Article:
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Proposed E-discovery Rules Move Forward

GTLA expresses concerns over bill's creation of "obstacles"

, Daily Report

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Rocco Testani, a partner at Sutherland Asbill & Brennan, says the standards set forth in the proposed legislation are modeled after federal advisory committee recommendations.
Rocco Testani, a partner at Sutherland Asbill & Brennan, says the standards set forth in the proposed legislation are modeled after federal advisory committee recommendations.

Opposing sides are closer to a consensus on proposed state legislation regulating e-discovery that will be taken up by the House Judiciary Committee this month, but sticking points remain, particularly on sanctions for spoliation of electronic documents.

A group of judges, trial lawyers and defense attorneys called together by House Judiciary Committee Chairman Wendell Willard, R-Sandy Springs, met twice this fall to hash out a bill filed late in the 2013 session. The bill sprung from recommendations made last year by a State Bar of Georgia task force on e-discovery. Willard said he expects to file an amended version of House Bill 643 soon after the new session begins on Jan. 13.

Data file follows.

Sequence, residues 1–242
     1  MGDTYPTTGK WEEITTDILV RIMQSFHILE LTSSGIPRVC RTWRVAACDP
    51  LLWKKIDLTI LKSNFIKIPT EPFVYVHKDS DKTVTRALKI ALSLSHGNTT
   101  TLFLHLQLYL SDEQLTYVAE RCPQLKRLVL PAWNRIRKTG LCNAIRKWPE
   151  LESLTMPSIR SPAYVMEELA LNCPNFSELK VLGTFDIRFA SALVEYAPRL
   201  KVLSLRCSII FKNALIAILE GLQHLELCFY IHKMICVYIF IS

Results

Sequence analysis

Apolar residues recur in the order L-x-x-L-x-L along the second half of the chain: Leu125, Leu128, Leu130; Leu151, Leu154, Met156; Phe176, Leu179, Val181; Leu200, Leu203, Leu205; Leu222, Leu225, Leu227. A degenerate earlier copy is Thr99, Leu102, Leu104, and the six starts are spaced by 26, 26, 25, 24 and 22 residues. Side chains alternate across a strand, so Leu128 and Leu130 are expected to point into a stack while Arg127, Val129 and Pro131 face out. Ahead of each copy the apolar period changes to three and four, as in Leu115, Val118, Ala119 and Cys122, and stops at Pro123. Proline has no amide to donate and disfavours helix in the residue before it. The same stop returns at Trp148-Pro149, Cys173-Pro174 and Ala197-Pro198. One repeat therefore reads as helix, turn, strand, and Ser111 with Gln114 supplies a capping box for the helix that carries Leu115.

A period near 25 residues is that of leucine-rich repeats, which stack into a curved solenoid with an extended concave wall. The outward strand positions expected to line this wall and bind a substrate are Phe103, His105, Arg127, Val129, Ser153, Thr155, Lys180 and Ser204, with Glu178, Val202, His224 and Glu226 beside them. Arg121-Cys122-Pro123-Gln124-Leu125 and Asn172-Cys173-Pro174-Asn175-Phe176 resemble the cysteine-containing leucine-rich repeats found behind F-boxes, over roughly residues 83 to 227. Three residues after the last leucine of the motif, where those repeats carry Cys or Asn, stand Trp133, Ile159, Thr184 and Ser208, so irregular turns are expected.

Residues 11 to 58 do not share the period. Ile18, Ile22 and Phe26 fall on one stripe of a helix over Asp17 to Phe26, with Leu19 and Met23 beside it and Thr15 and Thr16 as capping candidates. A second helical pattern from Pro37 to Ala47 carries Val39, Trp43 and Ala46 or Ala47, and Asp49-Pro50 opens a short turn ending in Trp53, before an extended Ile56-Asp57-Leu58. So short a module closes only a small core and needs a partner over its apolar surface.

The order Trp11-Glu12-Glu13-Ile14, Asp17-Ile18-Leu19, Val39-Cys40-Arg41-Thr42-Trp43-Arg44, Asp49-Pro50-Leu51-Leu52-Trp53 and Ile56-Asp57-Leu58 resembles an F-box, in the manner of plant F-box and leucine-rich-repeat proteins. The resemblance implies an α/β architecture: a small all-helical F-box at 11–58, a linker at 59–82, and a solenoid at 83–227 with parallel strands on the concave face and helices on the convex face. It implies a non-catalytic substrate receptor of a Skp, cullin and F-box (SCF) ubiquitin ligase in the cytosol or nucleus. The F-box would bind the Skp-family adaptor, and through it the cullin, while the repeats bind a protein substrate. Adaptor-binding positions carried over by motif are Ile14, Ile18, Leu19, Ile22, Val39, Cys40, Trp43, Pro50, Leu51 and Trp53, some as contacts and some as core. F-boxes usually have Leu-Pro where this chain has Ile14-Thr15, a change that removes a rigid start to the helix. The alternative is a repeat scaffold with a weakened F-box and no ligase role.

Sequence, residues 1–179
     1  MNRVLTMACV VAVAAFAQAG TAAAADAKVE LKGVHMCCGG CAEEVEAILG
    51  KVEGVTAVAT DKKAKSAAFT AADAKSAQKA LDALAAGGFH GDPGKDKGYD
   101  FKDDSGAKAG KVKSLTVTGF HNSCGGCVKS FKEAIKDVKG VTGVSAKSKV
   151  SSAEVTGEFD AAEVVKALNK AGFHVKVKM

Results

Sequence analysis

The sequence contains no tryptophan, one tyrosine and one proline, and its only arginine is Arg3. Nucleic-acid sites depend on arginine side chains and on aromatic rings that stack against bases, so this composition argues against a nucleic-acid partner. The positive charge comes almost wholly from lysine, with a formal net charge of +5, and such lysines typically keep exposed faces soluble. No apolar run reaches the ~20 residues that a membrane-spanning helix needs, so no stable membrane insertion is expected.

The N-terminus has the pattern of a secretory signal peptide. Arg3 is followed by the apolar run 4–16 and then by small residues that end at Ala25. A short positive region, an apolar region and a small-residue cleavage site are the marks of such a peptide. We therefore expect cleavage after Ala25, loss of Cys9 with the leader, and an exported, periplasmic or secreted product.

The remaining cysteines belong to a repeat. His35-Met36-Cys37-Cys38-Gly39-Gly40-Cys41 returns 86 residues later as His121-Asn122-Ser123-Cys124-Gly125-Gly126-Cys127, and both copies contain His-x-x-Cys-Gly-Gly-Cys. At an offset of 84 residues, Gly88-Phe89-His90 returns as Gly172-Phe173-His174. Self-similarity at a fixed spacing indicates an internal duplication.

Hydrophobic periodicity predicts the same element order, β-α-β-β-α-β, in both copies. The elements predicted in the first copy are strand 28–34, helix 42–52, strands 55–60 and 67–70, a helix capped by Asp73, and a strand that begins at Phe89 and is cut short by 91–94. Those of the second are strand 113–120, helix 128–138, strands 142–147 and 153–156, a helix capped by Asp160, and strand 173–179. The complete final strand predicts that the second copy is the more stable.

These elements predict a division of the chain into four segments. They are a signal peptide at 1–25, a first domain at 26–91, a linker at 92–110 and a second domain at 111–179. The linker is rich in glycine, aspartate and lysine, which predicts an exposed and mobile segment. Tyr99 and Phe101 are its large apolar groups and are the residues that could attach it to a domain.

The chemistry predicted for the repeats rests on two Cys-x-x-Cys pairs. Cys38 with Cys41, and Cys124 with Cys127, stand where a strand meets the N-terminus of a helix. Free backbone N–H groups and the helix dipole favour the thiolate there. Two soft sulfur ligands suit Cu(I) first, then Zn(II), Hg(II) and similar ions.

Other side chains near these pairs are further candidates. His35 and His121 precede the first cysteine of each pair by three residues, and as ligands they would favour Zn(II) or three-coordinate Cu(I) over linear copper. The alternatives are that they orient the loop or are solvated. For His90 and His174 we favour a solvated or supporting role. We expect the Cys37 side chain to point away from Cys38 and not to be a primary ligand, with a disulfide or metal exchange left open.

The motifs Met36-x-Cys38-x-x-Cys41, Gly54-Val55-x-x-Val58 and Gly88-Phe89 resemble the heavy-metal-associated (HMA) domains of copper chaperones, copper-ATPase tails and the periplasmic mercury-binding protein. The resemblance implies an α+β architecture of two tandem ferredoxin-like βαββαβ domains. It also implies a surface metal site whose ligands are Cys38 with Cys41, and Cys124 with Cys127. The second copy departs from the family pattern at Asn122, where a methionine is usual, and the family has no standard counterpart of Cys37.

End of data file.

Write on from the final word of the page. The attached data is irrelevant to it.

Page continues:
"I listened to everyone's concerns, and we'll try to address them the best we can," said Willard, the city attorney for Sandy Springs. Willard said he believes the only major area of discord that will come up during committee hearings revolves around a safe harbor provision that defines what actions constitute bad faith or willful misconduct when it comes to preserving discoverable electronic records.

The bar's task force recommended factors for courts to consider when deciding on sanctions. These were included in the current version of the bill:

• The extent to which the party was on notice that litigation was likely and that the information would be discoverable.

• The reasonableness of the party's efforts to preserve the information, including the use of a litigation hold and the scope of the preservation efforts.

• The clarity and reasonableness of the request to preserve discoverable information.

• Whether the party receiving a request to preserve information and the person who made such request engaged in good faith consultation regarding the scope of preservation.

• The party's resources and sophistication in litigation.

• The proportionality of the preservation efforts to any anticipated or ongoing litigation; Whether a party is able to specify the information that was not preserved.

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